The acts charged on this indictment involve the use of warrantless wiretaps and unauthorized mail openings in connection with defendant's F.B.I. investigative responsibility for the location and apprehension of fugitives associated with the organization known as the Weathermen. The broad discovery into the national security aspects of this case, including the disclosure of information designed to establish a foreign influence on the Weathermen, is sought to support the view that this organization posed a national security threat constitutionally justifying the use of these warrantless intrusive techniques.
In United States v. Ehrlichman, 178 U.S. App. D.C. 144, 546 F.2d 910 (D.C.Cir.1976), cert. denied 429 U.S. 1120, 97 S. Ct. 1155, 51 L. Ed. 2d 570 (1977), the Court of Appeals for the District of Columbia Circuit explored and defined the contours of the so-called "national security" defense in cases purportedly involving foreign agents or collaboration with foreign powers. That issue had been specifically left open by the Supreme Court in United States v. United States District Court, 407 U.S. 297, 92 S. Ct. 2125, 32 L. Ed. 2d 752 (1972) in requiring a warrant in domestic electronic surveillance cases. This defense is apparently rooted in the President's constitutional power over the exercise of foreign affairs, a power acknowledged, yet left undefined and undisturbed by Congress in enacting the Federal wiretapping statute. See Title III of the Omnibus Crime Control and Safe Streets Act, 18 U.S.C. § 2511(3) (Title III).
The Ehrlichman court, in affirming that the warrantless break-in of Dr. Lewis Fielding's office in search of records of his patient, Daniel Ellsberg, was violative of his Fourth Amendment rights, held that if there exists such a "national security" exemption to the Fourth Amendment's warrant requirement in cases involving foreign agents or collaborators, this exemption can only be invoked, and a warrantless search conducted, with the express authorization of the President or Attorney General.
Indeed, any less of a requirement would give any minor yet zealous official a free hand to disregard the vital privacy interests which lie at the core of Fourth Amendment protection simply by conjuring up the "national security" and "foreign influence" spectre. As the Ehrlichman court noted, "The danger of leaving delicate decisions of propriety and probable cause to those actually assigned to ferret out 'national security' information is patent . . ." 546 F.2d at 926.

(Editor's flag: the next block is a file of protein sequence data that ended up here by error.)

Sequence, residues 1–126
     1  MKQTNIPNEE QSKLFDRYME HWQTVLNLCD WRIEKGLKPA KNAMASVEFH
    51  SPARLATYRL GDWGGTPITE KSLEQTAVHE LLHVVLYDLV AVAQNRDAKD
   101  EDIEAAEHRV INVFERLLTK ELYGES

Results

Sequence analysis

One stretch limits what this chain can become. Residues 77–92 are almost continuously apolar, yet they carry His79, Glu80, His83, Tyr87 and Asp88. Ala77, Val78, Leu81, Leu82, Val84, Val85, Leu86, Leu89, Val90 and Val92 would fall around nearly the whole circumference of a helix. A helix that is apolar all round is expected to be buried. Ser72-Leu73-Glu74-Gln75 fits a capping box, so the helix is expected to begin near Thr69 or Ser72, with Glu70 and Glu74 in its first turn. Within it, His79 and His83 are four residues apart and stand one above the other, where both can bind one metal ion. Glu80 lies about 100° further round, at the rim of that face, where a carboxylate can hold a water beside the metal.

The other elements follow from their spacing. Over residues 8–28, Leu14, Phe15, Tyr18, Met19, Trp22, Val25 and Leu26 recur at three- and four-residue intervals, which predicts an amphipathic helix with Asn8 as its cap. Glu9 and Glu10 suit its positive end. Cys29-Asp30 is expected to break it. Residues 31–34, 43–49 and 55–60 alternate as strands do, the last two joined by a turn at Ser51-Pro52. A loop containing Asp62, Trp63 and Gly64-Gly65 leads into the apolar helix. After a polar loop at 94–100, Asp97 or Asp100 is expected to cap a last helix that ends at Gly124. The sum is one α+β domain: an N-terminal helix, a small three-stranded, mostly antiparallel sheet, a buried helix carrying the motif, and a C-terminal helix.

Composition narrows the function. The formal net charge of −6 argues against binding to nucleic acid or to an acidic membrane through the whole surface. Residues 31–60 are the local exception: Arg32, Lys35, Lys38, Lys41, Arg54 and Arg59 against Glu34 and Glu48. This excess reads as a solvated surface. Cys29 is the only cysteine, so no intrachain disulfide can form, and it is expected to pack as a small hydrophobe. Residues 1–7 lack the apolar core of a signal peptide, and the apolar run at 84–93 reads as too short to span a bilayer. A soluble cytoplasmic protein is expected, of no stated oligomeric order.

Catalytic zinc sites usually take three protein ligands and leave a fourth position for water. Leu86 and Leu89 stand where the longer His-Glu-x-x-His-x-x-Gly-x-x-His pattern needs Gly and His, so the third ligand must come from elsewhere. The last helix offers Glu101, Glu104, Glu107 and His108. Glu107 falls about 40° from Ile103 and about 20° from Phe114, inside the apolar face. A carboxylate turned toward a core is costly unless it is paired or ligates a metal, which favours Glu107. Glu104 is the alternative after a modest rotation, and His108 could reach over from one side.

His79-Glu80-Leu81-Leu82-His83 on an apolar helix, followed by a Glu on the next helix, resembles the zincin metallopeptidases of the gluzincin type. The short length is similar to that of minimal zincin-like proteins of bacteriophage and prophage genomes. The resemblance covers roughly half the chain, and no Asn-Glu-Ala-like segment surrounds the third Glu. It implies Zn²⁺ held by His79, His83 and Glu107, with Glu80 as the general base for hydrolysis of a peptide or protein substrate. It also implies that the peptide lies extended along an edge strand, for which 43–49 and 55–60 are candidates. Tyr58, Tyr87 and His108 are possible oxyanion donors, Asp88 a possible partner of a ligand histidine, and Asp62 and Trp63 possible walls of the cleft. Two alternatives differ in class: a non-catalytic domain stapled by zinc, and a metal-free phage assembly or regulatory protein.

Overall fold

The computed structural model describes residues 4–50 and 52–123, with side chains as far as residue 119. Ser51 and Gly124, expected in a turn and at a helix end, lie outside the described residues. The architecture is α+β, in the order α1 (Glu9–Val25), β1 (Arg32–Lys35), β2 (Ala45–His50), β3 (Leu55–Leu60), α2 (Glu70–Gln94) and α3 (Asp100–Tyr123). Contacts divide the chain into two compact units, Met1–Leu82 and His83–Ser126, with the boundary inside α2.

That the instant case involves wiretapping rather than a physical trespassory intrusive technique should not change the result. See United States v. Barker, 178 U.S. App. D.C. 174, 546 F.2d 940, 953 n. 40 (D.C.Cir. 1976). Those cases which, in the wake of United States v. United States District Court, supra, have upheld warrantless wiretapping when dealing with foreign connections in the name of "national security" have involved wiretaps which were, in fact, authorized by the Attorney General pursuant to powers delegated to him by the President. United States v. Butenko, 494 F.2d 593 (3rd Cir.1974), cert. denied 419 U.S. 881, 95 S. Ct. 147, 42 L. Ed. 2d 121 (1974); United States v. Brown, 484 F.2d 418 (5th Cir. 1973), cert. denied 415 U.S. 960, 39 L. Ed. 2d 575, 94 S. Ct. 1490 (1974). I am aware of no case which has upheld a warrantless intrusion not so authorized. That the Supreme Court has demonstrated its concern for fixing responsibility for authorizing wiretaps in no lower ranked an official than the Attorney General is evidenced by United States v. Giordano, 416 U.S. 505, 40 L. Ed. 2d 341, 94 S. Ct. 1820 (1974), in which a court-ordered wiretap was ruled invalid since the ...